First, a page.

Animal Rights Activists Lose Battle to Ban Badger Cull

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Animal Rights Activists Lose Battle to Ban Badger Cull

By Michael McCarthy on Independent.co.uk

Court rules animals can be killed in Wales in bid to prevent spread of bovine TB.

A 10-year, 34 million pound study of the problem (which killed 12,000 badgers) concluded in 2008 that culling simply would not work as a method of control.

"This is a disappointment, of course, but not just for thousands of innocent badgers," he said. "The irony is that it is a tragedy for farmers too. The decision to cull cannot lead to any significant long-term gain in the fight against bovine TB, even with the complete extermination of our native badgers."

The culling of badgers to control TB in cattle, one of the British countryside's most divisive issues, can go ahead in Wales, a judge ruled yesterday.


While the idea of killing badgers to prevent the spread of bovine tuberculosis has been abandoned in England in favour of vaccination, the Welsh Assembly Government's plan to cull the animals was upheld by Mr Justice Lloyd Jones, who rejected a legal challenge brought by animal welfare activists.

His decision was welcomed by Welsh politicians, farmers and vets, but attacked by wildlife campaigners led by the Badger Trust, which said it would consider an appeal.

The issue is hugely controversial, as TB is spreading extensively in cattle in Britain, and there is compelling evidence that badgers constitute a reservoir of the disease and can pass it on to farm livestock. However, a 10-year, £34m study of the problem (which killed 12,000 badgers) concluded in 2008 that culling simply would not work as a method of control. It was argued that not all badgers would be caught in the cull, and that the ones which escaped would wander the countryside spreading the disease even more.

Yet in a remarkable scientific spat, this conclusion was itself challenged by the Government's then Chief Scientific Adviser, Sir David King, who insisted that culling would work and strongly recommended the introduction of a culling programme. In the end, the Environment Secretary Hilary Benn took the decision to abandon culling in England for a programme of TB vaccination – to the anger of the National Farmers' Union.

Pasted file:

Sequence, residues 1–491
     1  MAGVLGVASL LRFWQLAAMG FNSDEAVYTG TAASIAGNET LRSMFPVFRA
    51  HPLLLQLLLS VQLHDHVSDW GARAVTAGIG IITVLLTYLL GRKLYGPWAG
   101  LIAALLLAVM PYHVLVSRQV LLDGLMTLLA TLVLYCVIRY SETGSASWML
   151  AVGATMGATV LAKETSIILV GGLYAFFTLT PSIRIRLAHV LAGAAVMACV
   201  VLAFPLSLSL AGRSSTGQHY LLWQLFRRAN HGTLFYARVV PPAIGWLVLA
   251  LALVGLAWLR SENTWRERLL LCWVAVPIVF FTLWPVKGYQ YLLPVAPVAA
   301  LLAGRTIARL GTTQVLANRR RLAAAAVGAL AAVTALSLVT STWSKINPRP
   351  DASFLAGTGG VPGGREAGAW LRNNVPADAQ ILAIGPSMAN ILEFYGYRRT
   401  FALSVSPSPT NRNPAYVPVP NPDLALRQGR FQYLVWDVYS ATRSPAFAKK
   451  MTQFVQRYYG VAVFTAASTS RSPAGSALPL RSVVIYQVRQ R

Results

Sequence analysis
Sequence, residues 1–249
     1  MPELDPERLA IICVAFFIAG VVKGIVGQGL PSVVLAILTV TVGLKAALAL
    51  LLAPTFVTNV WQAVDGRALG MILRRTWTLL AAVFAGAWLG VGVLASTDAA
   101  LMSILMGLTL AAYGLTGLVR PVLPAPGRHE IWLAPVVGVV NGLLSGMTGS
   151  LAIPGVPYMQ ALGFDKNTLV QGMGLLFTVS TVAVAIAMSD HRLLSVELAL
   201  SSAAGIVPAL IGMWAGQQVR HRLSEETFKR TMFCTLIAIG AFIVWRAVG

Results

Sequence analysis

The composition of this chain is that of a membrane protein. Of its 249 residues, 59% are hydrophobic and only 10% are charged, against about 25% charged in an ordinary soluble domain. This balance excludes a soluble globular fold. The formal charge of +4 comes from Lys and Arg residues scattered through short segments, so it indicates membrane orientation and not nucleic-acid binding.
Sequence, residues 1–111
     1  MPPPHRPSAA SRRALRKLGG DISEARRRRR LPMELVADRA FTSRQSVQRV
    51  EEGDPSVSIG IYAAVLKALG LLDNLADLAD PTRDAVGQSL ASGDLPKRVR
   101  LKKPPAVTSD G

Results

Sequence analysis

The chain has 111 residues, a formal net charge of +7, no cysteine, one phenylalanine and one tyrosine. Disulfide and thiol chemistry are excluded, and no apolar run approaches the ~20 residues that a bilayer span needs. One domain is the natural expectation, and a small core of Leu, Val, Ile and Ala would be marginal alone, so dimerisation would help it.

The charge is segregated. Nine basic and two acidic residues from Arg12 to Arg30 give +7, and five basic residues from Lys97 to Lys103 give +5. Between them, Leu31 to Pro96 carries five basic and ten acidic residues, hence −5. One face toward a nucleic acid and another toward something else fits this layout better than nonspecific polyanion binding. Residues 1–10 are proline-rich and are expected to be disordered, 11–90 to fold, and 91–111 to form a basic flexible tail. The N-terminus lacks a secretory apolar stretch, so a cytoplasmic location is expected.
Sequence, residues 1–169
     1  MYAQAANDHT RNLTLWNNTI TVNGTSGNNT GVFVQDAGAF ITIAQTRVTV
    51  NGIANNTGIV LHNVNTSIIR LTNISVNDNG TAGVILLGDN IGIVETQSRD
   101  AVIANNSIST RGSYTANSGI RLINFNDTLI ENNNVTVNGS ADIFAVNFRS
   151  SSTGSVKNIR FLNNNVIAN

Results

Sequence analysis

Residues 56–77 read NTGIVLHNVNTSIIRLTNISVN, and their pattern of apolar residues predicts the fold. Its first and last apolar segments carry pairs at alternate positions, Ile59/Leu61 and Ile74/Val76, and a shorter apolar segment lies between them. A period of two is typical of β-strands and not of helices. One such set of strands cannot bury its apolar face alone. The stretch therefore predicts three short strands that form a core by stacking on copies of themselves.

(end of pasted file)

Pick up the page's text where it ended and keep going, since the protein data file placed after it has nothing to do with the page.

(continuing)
But agriculture is now a devolved responsibility, and last year the Welsh Rural Affairs Minister, Elin Jones, decided to go down the culling route after all. Her decision was subjected to a judicial review last month, brought about by a challenge from the Badger Trust, but yesterday at the Swansea Civil Justice Centre the judge upheld her position, and the cull is likely to go ahead now in pilot areas in Pembrokeshire and other parts of south-west Wales.

Ms Jones had said that bovine TB was "out of control in Wales" and cost taxpayers close to £24m in compensation to farmers in 2009. "We welcome the court's decision," she said yesterday. "Bovine TB is one of the biggest problems facing cattle farmers across Wales, and we have to tackle all sources of the disease. We are dealing with an epidemic that has serious consequences for us all and we must stamp it out. Over the past three years, with advice from experts, we have put in place a comprehensive programme to eradicate TB, and this includes more testing of cattle, identifying and getting rid of the disease in cattle at an earlier stage, and improving on farm practices."

The Badger Trust was "disappointed", said the chairman David Williams. But he added: "Important issues emerged in these proceedings, which ought to give the minister serious cause for thought before proceeding with any cull. We hope that compassion and sense will prevail in light of the latest evidence. Meanwhile, we will carefully consider an appeal."

Brian May, lead guitarist of Queen, was among a group of protesters who backed the animal charity's opposition and spoke out against the plan, calling it "a tragic wrong turn".

"This is a disappointment, of course, but not just for thousands of innocent badgers," he said. "The irony is that it is a tragedy for farmers too. The decision to cull cannot lead to any significant long-term gain in the fight against bovine TB, even with the complete extermination of our native badgers."

He added: "I believe all this will be seen in a few years time for what it is ... a tragic wrong turn which did nothing to solve the problem of TB in cattle. For the sake of all involved, we will not be giving up the fight. We are taking advice on appealing at a higher level."

Leading vets, however, supported the decision. "This is a highly emotive issue and we understand that many people will be disappointed, but it is essential that a wide range of measures are employed and we believe that should include a targeted cull of badgers," said Professor Bill Reilly, President of the British Veterinary Association.